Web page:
From gaming to diversity: The recruitment shake-up in Australian accounting

Chris Sheedy By Chris Sheedy, CA Today

24 May 2016

The recruitment shake-up in the Australian accounting world has been a long time coming. Here we look into the changes, and what they could mean for the future of the industry.

An entire generation has been brought up in a digital world with all of its various forms of technology as an integral part of their lives.

It is against this backdrop that Deloitte in Australia recently announced that a fully interactive, game-based assessment experience will become a part of its recruitment process.

The technology is a far cry from Space Invaders and Pac-Man. The ‘games’, developed in partnership with assessment company Talegent, put the applicant into real-world scenarios likely to be faced in the Deloitte offices. It offers insight, for the applicant, into the types of challenges they might be expected to face in the organisation and in the specific role. It also feeds data back to Deloitte on the applicant’s skills and personality type.

The recruitment technology is also a far cry from the traditional ‘milk run’, when top accounting firms conduct annual roadshows on university campuses, inviting potential recruits in for drinks before setting up face-to-face interviews. The new systems will likely make an enormous difference to the future of accounting recruitment.

According to GradAustralia, Deloitte is the nation’s second largest graduate employer (after Google), and the largest graduate employer in the field of accountancy and financial management. The new recruitment system has already been in use for several months, but Deloitte is not the only employer changing their processes.

Changing academic requirements

EY has very publicly decried the notion that an accounting or commerce degree is required to join the company’s ranks. “We're interested in talented students and graduates from many disciplines including law, engineering, science, information systems, actuarial studies, environmental studies, economics, business, psychology, maths and human resources (and, of course, accounting and commerce),” a report on the company’s website states.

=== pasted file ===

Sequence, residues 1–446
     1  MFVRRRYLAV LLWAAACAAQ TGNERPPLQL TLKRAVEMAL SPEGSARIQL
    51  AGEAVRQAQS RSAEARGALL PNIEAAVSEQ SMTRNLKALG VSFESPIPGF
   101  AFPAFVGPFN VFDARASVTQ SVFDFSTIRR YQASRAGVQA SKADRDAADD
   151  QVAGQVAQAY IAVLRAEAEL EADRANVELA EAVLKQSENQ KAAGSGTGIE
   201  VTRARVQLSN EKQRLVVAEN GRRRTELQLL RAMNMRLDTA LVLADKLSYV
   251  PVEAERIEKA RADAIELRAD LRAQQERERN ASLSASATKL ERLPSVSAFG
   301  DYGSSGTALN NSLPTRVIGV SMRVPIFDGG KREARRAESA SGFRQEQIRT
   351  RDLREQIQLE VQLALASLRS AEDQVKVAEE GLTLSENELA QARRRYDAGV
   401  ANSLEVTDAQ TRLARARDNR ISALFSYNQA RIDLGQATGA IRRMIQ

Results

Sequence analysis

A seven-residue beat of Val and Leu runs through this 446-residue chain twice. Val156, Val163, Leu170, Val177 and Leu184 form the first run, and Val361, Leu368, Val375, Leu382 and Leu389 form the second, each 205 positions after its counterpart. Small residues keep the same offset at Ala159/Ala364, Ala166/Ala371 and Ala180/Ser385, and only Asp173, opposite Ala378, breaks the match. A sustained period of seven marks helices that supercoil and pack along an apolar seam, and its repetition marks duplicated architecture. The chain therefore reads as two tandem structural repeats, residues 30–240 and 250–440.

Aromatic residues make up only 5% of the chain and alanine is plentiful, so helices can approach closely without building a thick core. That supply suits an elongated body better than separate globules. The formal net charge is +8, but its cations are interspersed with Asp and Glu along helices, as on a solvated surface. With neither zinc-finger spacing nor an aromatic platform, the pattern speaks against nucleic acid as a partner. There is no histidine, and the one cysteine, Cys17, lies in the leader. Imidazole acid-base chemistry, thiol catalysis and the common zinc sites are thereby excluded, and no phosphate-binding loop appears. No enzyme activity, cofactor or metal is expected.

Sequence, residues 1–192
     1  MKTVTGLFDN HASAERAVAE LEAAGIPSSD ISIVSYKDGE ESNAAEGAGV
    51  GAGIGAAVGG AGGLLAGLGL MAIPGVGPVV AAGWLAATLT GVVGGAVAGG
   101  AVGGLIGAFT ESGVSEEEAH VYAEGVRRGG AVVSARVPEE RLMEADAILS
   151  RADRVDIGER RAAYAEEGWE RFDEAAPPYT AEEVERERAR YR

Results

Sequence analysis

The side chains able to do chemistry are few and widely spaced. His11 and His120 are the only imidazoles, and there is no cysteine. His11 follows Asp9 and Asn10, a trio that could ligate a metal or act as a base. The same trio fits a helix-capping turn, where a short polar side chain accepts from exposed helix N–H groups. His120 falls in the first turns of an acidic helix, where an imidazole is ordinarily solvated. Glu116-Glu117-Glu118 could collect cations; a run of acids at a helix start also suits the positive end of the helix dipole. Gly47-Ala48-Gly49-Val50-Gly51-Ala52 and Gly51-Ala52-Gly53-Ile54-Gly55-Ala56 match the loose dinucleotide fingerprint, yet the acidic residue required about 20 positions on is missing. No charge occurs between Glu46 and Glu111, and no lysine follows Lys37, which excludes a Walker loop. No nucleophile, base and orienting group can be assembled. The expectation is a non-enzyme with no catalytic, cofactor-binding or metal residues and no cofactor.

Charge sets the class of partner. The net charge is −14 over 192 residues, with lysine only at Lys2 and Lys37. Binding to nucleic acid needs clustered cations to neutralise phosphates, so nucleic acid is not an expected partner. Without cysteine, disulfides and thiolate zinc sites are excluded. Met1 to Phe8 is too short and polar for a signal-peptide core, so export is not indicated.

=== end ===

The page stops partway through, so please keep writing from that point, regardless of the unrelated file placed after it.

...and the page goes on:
“In areas like IT Risk and Assurance, a degree in information systems or in information technology would be our primary requirement. As an IT risk and assurance professional, you’ll help clients leverage technology to develop efficiencies and manage the risks associated with running IT operations.”

Late last year EY in the UK also removed all degree classification from its entry criteria, with Managing Partner for Talent, Maggie Stilwell, saying EY was “modernising the workplace, challenging traditional thinking and ways of doing things. Transforming our recruitment process will open up opportunities for talented individuals regardless of their background, and provide greater access to the profession.”

“Academic qualifications will still be taken into account and indeed remain an important consideration when assessing candidates as a whole, but will no longer act as a barrier to getting a foot in the door,” she said.

Accountants as 'business advisers'

And actually this all fits in very comfortably with the argument accountants have long been making that they’re not just number crunchers. Advanced accounting management is more about being a business adviser. It is around understanding far more than just the numbers. It is about business acumen and insight, and the ability to recognise threats, opportunities and trends.

The pattern of placing less importance on certain academic achievements is being repeated internationally, with PwC in the UK announcing mid last year that it would ditch A-level results from the process of recruiting graduates because they give independent school pupils an unfair advantage. It has spread across other industries too, as a broader push for diversity takes priority.

Publishing group Penguin Random House, for instance, announced early in 2016 that new recruits would no longer require a university degree. Their HR director said the decision was a result of an increasing body of evidence proving that there is no correlation between having a degree and professional success.

Back in the world of accounting, it is obvious that its inhabitants will always require specific knowledge, training and skills. But the environment in which they work is finally being recognised as one that requires diversity, breadth of experience, innovative approaches and different personality types. That can only be good for everybody.

About the author

Chris Sheedy is one of Australia’s busiest and most successful freelance writers. He has been published regularly in the Sydney Morning Herald, Virgin Australia Voyeur, The Australian Magazine, GQ, In The Black, Cadillac , Management Today, Men’s Fitness and countless other big-brand publications. He is frequently commissioned to carry out copywriting and corporate writing projects for organisations, including banks, universities, television networks, restaurant chains and major charities, through his business The Hard Word.


  • Technology
  • Business
  • Accountancy
  • Australia

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